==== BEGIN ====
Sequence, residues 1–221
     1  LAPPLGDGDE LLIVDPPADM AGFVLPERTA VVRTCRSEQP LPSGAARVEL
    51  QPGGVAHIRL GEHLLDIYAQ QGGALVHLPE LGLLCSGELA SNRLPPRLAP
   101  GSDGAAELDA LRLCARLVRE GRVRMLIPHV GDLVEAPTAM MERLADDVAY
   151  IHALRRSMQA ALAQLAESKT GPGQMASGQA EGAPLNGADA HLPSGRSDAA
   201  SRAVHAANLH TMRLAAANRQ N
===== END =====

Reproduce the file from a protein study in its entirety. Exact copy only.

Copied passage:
Sequence, residues 1–221
     1  LAPPLGDGDE LLIVDPPADM AGFVLPERTA VVRTCRSEQP LPSGAARVEL
    51  QPGGVAHIRL GEHLLDIYAQ QGGALVHLPE LGLLCSGELA SNRLPPRLAP
   101  GSDGAAELDA LRLCARLVRE GRVRMLIPHV GDLVEAPTAM MERLADDVAY
   151  IHALRRSMQA ALAQLAESKT GPGQMASGQA EGAPLNGADA HLPSGRSDAA
   201  SRAVHAANLH TMRLAAANRQ N